5. To work or not to work: Though earnings from work are not considered the same as assets like owning a business, it’s important to note this issue. Students with parents earning low income may have reduced incentive to work for themselves if financial aid eligibility is at risk. Again, this is because any money in the student’s can be weighed heavily against financial aid eligibility depending on other variables. The FAFSA does allow the student to have an income protection allowance, and for the 2014 – 2015 FAFSA it’s $6,260. Any student earnings above that amount may actually reduce financial aid eligibility.

I have seen students reduce their financial aid eligibility because they earned too much income on their own. The FAFSA says that any earnings are supposed to be included as part of income no matter how they are earned. However, there are many students that get jobs to earn cash and never admit to the income on FAFSA because it is untraceable. This is unfair but it happens all the time. If given the option to work before or during college, recognize that any cash earnings are invisible unless you admit to them on the FAFSA. If you receive a W-2 and have to file a tax return as a result of a job, the earnings are easily traceable if selected for financial aid verification. Lean more about the FAFSA Income allowance for students.

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  • Jennifer

    I have a couple of questions. If a checking/savings account is a joint account between parent and child, can this just be claimed as a parent’s asset? Also, how does the student’s earnings play into this? For example, if the student earned $8000 last year and has a similar amount in the joint checking, how will that affect aid eligibility? It seems a shame that the student’s diligence to save almost all of his earnings could kill their otherwise full eligibility for grants.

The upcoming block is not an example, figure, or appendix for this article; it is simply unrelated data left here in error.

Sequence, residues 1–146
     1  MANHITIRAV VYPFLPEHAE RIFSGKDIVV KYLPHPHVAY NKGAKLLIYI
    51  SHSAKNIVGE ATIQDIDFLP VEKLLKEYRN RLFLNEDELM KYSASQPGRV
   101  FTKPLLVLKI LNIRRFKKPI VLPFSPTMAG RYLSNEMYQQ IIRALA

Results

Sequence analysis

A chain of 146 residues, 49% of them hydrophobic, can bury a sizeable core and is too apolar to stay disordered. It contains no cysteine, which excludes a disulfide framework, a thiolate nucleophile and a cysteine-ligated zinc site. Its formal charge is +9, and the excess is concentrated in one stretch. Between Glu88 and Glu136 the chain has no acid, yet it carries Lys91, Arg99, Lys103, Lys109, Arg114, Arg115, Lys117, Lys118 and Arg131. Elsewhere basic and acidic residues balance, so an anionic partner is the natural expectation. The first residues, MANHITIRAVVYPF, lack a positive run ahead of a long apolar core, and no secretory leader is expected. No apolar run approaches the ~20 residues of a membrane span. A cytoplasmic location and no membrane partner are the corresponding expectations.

• Ellen

    My parents has about $260000 in their checking account. However it will be spent soon for their investment,(Purchasing real estate) they are still looking for good one and they will have equity loan with it.
    I am not sure if they can find good one before my FAFSA.
    Should I still show it as my parents asset even though it will be spent soon for their rental business.

  • http://www.custudentloans.org/college-resource-center/ Ken

    If this real estate is considered an investment separate from your primary domicile (Home) then it will be weighed as investment property so it still shows up on the FAFSA as a claimed asset. If your parents hold the cash at the time of filing the FAFSA, it counts as cash. If they buy the investment property, you are to list the value of the investment property minus any debt outstanding on the property.

    If your parents have high income, this issue may not have a big effect on your financial aid.

  • Stuart

    With reference to great uncle Harold. If a relative wants to help pay for college would it be OK for them to directly write a check for tuition to the school in question or can they only be written by the parents? Would this have any affect on financial aid from the school if the payment is not made by a parent?

  • http://www.custudentloans.org/college-resource-center/ Ken

    The short answer is that anyone can pay the bill for the student whether it’s parents, other relatives, or friends. I am no CPA, but this may be considered a taxable event since it’s basically a “gift.” However, this type of transaction flies underneath the radar and will not affect financial aid eligibility unless you claim this gift on your taxes, or claim it as additional support on the FAFSA.

  • Carrie

    I have a quick question. Do cash assets held by my siblings have any impact on my eligibility for financial aid?

  • Rick

    If the student is married, will the spouse’s assets and income count as the student’s income?

  • Woody

    I have two questions…
    I have an investment house which is paid off with about 180K value. I am giving or selling it to my elder kid to support her MBA program. My younger kid is going to college next year. Questions are

    1. would it be considered as my investment in about 7-8 months when filing FAFSA, in another word is it proper?

    2. I cashed out my primary house to buy this investment. In FAFSA I don’t see how to reflect the cashout? Is it bad move because the debt on Primary doesn’t count but investment does? Thanks